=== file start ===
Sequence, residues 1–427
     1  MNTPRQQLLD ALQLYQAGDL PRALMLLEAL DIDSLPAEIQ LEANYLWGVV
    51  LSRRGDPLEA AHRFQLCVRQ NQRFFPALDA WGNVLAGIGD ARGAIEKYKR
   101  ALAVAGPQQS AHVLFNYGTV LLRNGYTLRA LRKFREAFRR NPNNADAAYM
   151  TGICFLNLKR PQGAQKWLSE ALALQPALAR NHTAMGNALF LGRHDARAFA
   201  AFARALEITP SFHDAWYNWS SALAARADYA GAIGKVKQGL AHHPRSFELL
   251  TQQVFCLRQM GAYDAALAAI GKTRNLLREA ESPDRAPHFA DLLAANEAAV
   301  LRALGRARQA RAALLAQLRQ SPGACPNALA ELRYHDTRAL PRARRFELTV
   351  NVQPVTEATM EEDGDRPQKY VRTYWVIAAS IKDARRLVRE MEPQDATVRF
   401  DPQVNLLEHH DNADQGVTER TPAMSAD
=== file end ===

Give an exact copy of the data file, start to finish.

Sequence, residues 1–427
     1  MNTPRQQLLD ALQLYQAGDL PRALMLLEAL DIDSLPAEIQ LEANYLWGVV
    51  LSRRGDPLEA AHRFQLCVRQ NQRFFPALDA WGNVLAGIGD ARGAIEKYKR
   101  ALAVAGPQQS AHVLFNYGTV LLRNGYTLRA LRKFREAFRR NPNNADAAYM
   151  TGICFLNLKR PQGAQKWLSE ALALQPALAR NHTAMGNALF LGRHDARAFA
   201  AFARALEITP SFHDAWYNWS SALAARADYA GAIGKVKQGL AHHPRSFELL
   251  TQQVFCLRQM GAYDAALAAI GKTRNLLREA ESPDRAPHFA DLLAANEAAV
   301  LRALGRARQA RAALLAQLRQ SPGACPNALA ELRYHDTRAL PRARRFELTV
   351  NVQPVTEATM EEDGDRPQKY VRTYWVIAAS IKDARRLVRE MEPQDATVRF
   401  DPQVNLLEHH DNADQGVTER TPAMSAD